Well, I take it back. Ralph may at least have skimmed a copy of The Books in My Life, but only to find out what other books were worth stealing. What Ralph liked about books was giving them to people for presents. He used to break into his friends's houses and leave stolen books all over the place. My mother caught him one Christmas Eve. She woke up and found Ralph crouched in the living room, arranging hard cover copies of Death on the Installment Plan, Naked Lunch and To the End of the World in a semicircle around the darkened tree—scared the Bejesus out of the both of them.

Ralph wasn't a healthy person. He didn't want to be a healthy person. He cultivated ill health. He wanted to look like a bird. He wanted to look like the guys who wrote the books in Henry Miller's life. He wanted to look like Celine and Beckett and Burroughs and Bukowski (Charles Bukowski, Talking) and Blaise Cendrars. He never ate and never slept but just wandered the aisles of all night grocery stores, slipping paperback copies of Tropic of Cancer and Tropic of Capricorn into the deep pockets of a floor length herringbone coat.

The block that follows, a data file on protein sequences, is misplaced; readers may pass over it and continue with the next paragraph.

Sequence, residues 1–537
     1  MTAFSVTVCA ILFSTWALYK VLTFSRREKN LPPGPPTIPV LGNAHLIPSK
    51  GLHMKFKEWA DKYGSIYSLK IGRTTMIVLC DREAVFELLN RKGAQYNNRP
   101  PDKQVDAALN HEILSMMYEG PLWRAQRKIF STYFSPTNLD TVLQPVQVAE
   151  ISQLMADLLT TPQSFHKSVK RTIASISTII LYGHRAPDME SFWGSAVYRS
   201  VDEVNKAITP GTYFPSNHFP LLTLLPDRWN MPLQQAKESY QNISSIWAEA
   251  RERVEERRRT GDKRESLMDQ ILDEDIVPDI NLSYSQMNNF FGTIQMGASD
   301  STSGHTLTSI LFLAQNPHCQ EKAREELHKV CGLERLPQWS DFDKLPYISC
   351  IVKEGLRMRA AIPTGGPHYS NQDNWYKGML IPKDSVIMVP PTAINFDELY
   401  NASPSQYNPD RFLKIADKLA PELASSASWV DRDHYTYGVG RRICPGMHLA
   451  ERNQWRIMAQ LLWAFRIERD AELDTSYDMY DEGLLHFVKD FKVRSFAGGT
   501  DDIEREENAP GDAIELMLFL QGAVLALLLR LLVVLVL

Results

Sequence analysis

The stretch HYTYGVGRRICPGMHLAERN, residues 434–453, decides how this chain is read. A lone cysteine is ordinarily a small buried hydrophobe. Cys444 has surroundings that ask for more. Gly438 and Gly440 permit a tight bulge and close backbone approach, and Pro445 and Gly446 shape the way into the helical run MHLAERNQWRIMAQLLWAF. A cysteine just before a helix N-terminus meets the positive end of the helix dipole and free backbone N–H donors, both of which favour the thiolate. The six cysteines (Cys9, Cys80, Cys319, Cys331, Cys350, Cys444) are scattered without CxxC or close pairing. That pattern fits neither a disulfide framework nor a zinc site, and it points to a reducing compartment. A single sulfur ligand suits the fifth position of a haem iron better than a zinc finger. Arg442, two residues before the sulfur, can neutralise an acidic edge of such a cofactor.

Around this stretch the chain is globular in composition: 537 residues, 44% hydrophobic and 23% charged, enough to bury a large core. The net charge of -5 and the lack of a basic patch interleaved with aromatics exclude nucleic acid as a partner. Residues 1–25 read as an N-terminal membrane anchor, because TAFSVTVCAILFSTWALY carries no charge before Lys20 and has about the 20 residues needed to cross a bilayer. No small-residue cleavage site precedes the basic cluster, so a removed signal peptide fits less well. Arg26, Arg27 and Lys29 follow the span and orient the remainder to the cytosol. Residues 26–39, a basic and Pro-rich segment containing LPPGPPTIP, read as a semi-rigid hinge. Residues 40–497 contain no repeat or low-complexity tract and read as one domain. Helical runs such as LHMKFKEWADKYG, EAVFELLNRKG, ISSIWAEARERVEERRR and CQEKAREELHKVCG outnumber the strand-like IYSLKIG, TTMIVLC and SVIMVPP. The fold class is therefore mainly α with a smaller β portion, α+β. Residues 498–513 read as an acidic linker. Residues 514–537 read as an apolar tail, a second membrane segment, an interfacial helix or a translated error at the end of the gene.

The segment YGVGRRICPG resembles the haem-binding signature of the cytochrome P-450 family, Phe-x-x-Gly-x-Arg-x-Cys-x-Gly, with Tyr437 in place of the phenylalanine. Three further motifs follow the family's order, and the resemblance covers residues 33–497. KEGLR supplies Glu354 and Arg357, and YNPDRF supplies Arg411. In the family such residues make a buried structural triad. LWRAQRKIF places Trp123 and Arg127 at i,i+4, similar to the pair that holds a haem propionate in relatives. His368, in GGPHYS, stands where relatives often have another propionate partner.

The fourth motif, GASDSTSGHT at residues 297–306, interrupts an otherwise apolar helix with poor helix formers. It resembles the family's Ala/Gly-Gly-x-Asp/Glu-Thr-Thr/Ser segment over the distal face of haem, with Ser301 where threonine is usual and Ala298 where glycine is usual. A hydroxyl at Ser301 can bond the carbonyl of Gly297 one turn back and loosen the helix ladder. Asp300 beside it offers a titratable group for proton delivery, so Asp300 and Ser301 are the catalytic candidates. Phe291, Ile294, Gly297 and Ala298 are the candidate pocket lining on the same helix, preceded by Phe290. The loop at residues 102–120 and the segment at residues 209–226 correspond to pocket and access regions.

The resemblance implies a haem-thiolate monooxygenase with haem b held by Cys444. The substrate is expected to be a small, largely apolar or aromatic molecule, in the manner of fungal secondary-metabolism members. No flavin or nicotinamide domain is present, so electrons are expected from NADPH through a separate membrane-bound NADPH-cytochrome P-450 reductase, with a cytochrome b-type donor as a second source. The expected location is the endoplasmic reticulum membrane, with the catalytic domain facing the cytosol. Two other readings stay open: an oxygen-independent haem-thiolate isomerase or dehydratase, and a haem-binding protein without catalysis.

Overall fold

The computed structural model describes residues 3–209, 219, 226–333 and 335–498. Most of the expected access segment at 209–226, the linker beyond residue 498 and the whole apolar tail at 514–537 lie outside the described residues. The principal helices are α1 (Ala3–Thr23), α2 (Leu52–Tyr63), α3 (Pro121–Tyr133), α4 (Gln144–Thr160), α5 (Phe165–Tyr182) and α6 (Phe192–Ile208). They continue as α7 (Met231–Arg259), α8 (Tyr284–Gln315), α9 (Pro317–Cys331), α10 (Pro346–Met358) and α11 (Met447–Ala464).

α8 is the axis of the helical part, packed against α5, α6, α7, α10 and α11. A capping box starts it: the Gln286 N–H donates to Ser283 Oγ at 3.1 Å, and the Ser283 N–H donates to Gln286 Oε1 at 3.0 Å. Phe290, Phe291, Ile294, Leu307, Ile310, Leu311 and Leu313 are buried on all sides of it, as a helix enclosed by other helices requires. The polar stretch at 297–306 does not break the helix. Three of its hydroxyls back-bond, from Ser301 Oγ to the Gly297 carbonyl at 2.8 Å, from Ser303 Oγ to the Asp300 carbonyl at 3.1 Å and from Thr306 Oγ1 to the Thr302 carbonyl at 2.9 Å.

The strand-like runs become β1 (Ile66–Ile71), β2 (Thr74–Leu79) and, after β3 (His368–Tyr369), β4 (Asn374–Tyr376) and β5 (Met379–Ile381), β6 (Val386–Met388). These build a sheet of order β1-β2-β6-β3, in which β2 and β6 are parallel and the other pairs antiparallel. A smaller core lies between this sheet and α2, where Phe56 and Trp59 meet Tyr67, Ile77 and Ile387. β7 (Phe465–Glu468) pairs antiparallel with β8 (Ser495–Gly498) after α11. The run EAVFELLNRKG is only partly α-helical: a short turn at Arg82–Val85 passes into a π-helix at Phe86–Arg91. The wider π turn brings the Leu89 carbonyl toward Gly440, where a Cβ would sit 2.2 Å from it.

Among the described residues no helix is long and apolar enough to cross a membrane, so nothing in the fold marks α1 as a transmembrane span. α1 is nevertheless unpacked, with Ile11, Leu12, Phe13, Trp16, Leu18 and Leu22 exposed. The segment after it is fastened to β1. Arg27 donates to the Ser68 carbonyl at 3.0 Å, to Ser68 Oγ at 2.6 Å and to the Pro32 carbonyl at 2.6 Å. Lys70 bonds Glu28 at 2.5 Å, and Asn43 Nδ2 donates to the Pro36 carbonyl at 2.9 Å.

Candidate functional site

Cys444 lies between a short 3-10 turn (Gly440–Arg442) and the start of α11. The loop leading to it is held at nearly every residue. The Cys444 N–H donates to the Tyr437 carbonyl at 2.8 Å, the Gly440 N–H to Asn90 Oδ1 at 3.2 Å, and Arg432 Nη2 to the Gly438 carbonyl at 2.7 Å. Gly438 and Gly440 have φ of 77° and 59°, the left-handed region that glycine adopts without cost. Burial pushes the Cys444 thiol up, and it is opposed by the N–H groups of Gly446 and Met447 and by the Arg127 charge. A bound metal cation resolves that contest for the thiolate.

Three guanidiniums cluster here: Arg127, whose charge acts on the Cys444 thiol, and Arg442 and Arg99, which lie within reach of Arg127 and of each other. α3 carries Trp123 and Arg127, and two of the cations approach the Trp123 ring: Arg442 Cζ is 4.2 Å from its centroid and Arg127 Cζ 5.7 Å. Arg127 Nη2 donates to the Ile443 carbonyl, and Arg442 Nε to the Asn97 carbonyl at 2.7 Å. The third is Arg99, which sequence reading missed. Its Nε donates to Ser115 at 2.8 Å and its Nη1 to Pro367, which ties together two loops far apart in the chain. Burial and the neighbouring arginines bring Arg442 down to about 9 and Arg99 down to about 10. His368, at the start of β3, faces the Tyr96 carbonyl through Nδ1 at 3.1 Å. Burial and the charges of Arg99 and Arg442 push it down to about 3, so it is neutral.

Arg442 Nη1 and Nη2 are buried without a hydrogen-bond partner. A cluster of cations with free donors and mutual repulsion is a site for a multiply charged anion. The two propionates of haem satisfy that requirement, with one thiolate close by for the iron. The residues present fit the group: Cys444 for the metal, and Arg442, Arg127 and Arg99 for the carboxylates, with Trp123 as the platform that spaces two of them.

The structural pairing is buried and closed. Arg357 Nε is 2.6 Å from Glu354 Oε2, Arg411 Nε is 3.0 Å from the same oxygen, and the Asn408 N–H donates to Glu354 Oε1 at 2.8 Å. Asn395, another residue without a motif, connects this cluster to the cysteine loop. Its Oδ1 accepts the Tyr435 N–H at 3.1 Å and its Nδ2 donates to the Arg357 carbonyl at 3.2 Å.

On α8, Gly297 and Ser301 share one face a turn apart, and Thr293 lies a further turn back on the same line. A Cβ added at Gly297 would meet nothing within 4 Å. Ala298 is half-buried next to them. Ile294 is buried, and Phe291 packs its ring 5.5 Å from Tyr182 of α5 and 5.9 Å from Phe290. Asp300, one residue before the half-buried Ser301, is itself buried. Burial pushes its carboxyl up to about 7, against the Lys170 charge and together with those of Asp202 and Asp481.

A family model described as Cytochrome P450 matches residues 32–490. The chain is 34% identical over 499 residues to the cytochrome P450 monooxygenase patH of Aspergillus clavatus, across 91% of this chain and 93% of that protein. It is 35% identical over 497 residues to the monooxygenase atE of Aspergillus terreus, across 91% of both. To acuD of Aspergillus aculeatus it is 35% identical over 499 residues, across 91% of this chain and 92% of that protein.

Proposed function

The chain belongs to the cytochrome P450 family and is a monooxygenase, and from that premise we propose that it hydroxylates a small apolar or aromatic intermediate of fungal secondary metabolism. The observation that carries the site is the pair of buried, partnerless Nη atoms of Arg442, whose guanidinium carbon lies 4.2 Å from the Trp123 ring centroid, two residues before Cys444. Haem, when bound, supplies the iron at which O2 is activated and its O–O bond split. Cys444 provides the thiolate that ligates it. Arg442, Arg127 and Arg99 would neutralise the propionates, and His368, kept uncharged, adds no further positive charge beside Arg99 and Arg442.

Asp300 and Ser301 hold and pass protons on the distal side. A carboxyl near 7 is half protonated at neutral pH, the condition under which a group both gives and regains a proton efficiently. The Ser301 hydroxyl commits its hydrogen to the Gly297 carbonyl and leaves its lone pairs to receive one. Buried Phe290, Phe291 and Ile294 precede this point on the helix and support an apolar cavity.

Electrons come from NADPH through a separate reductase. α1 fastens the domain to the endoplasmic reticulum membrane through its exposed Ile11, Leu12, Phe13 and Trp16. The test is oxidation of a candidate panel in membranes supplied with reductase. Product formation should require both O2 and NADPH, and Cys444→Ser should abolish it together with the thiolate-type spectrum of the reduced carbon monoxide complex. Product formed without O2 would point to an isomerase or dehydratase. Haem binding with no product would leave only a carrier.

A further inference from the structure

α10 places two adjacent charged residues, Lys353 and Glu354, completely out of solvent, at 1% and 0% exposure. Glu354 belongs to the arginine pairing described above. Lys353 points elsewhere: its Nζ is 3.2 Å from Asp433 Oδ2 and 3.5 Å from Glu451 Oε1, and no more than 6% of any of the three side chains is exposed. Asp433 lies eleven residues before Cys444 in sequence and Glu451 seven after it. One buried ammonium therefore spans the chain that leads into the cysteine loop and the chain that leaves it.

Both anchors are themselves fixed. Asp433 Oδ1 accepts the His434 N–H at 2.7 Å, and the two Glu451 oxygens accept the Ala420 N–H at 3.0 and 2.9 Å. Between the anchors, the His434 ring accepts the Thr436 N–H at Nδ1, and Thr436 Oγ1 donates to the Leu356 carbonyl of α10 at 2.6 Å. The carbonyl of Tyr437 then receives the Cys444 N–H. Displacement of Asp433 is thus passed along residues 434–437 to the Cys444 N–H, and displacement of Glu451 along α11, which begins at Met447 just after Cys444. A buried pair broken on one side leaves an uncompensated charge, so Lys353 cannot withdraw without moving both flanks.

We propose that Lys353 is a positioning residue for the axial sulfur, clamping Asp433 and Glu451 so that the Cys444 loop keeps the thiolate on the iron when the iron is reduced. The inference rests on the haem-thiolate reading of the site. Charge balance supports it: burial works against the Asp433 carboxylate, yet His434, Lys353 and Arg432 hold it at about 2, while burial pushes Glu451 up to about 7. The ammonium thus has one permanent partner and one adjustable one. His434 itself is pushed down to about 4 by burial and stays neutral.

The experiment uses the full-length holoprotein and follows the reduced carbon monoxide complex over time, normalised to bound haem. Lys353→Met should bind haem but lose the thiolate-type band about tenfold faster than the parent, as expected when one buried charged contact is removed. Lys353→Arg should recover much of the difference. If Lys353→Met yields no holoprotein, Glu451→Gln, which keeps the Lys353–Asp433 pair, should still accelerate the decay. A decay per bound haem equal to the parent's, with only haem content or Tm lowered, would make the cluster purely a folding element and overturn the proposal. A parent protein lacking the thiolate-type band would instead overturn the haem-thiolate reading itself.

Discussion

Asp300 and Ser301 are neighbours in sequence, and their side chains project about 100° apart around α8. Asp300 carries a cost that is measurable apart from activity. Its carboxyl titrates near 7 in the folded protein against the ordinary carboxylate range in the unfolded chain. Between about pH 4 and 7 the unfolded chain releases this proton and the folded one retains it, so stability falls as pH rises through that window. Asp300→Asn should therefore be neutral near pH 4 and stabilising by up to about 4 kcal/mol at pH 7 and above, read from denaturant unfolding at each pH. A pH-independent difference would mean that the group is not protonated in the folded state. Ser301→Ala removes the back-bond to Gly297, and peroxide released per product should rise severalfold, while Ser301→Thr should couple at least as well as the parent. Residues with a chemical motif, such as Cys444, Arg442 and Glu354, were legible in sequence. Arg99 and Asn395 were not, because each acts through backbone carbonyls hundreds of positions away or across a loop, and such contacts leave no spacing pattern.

Well, either that or he drove around in his faded tan Corvair, getting into fights. Ralph got into at least one fight every two or three weeks, year in and year out. He picked fights on purpose, for no apparent reason. He went out of his way. He'd drive up and down the Peninsula at three in the morning, just to pick a fight with someone he'd heard was a good fighter—Spike in Millbrae, or Tony Rapaglia up in South City, or Jojo Chaplinski down in East San Jose.

And Ralph wasn't a good fighter. He was a bad fighter. He had good form; that was about it. He was too tall and too skinny and too unhealthy to be a good fighter. With him it was philosophical. He'd go screeching up to wherever the guy lived and blow the weak horn of his Corvair and shine his spotlight into the guy's windows and yell his name and get out of the car and stand on the guy's lawn, bobbing and weaving like a cross between Ichabod Crane and the Marquis of Queensbury—until Spike or Tony or Jojo came out and popped him one in the mouth. Then Ralph would prop himself up on one elbow, feel around in the grass until he found his freshly broken glasses, fit the pieces painfully down over the bridge of his freshly broken nose, shake his head admiringly and compliment the guy. "Good punch, good punch," he'd say, and that would be the end of it. Well, until the next time.